Participants were drawn to her honesty, encouragement, wisdom, and humor. Not surprisingly, she acted as a spinning shepherd to seekers during turbulent times. “Many people, both celebrities and the average person, have come to my class during times of transition: break-ups, people that are going through radiation for cancer, divorces, moving, job changes. While I was teaching group classes, around me the whole music industry changed, the financial industry changed. People were going through transitions.”
The most famous transition was when Mandy publicly served as private confidante to Jennifer Aniston during one of the most sensationalized break-ups in pop culture history. The rest of her celebrity client roster rivals the Oscar nominee list and includes Aniston, as well as Jennifer Lawrence, Helen Hunt, Kate Beckinsale, and Brooke Shields.
Throughout her teaching, she says, “I just started writing down the things I was using.” That writing resulted in Mandy’s first book, New York Times bestseller Yogalosophy and her latest, Yogalosophy; 12 weeks to heal your heart and embrace joy. It is a workbook to guide readers through change and transition. Mandy says, “Yoga is not just about asana and the practice; it’s about bringing it into our full selves.” In her books, Mandy discusses the transformational potential found while moving the body in asana, and she also includes practices such as journaling, listening to inspirational and uplifting music, and choosing supportive and nourishing food. She shares her own journey in the pages, as she does when she teaches groups and individuals. Mandy says, “I’ve learned that sharing myself, my healing process, and my pain is helpful to people, and so I encourage others to share too.”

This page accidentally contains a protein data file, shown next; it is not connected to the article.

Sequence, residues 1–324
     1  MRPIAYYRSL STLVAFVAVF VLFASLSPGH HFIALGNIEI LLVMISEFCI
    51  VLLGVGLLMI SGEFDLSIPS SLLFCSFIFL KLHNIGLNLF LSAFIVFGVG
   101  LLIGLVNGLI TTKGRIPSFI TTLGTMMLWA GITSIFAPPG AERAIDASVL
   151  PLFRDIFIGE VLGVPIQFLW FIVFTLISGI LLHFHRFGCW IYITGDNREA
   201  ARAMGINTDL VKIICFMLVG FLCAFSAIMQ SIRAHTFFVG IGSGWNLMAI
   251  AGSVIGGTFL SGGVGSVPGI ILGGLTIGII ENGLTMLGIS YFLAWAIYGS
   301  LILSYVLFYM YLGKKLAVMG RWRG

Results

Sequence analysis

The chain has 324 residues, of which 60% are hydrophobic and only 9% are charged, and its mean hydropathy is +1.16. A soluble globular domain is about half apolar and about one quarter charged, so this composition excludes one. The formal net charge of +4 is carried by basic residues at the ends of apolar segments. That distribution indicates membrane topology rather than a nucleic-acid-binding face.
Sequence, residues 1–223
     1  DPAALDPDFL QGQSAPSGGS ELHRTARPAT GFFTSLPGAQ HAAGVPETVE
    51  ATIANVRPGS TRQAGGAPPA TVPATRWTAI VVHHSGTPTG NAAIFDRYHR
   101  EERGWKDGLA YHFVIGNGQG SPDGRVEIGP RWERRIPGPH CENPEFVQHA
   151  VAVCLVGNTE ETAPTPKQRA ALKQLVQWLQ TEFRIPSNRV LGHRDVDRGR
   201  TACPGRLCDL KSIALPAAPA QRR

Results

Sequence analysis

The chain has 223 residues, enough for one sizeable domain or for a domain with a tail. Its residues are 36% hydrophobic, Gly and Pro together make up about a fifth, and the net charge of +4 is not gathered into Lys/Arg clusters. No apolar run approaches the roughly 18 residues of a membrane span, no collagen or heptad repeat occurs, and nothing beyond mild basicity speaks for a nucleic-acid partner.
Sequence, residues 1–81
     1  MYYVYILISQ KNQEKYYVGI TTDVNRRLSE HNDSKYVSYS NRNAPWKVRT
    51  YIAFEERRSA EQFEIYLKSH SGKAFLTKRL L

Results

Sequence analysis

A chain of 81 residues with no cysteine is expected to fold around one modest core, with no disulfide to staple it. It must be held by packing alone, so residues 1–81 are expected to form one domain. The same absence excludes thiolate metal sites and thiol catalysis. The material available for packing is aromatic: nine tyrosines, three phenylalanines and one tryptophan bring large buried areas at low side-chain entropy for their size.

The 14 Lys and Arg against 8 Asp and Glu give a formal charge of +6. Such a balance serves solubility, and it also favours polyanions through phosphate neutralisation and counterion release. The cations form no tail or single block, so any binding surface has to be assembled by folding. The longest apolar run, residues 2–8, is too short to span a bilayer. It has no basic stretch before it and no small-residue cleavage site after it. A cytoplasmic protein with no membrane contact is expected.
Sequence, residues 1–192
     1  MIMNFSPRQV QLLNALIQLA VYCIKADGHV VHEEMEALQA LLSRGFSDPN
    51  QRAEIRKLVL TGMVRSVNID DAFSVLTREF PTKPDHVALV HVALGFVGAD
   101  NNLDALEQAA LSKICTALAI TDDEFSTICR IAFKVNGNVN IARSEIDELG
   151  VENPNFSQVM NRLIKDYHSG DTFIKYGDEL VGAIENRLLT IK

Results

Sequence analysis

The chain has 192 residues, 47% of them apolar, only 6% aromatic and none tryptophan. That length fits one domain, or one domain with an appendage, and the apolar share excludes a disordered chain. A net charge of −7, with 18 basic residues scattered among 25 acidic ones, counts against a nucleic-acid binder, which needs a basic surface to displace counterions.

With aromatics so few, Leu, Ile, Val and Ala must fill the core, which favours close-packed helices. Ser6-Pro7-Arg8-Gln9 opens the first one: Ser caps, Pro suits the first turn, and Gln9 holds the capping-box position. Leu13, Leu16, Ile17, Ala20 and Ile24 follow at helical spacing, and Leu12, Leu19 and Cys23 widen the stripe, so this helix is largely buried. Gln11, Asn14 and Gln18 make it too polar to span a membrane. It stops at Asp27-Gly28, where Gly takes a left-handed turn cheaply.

When asked about her non-negotiable practice, Mandy quickly mentions meditation. She reflects, “I can’t just isolate it to when I’m by myself, sitting in the perfect position, the incense is going, and the Guru Gita is on in the background. Everything in my life is a meditation. It’s like a muscle, it’s like going to the gym. When you go to the gym, you lift the weights everyday, you get stronger. It’s the same with sitting. Then that muscle becomes stronger and stronger, and then everything we do—even in this moment—there’s a meditation occurring. This is the integration of the practice that truly allows us to heal our heart. In every moment, even this moment.”
Learn more about Mandy and Yogalosophy at: mandyingber.com (Instagram @MandyIngber Twitter @msmandyingber)
Jeff Skeirik is a Los Angeles-based photographer: rawtographer.com
Hair and makeup by Jeannie Jeffries using Kevin Aucoin Cosmetics and Schwarzkopf Professional Hair: jeanniejeffries.com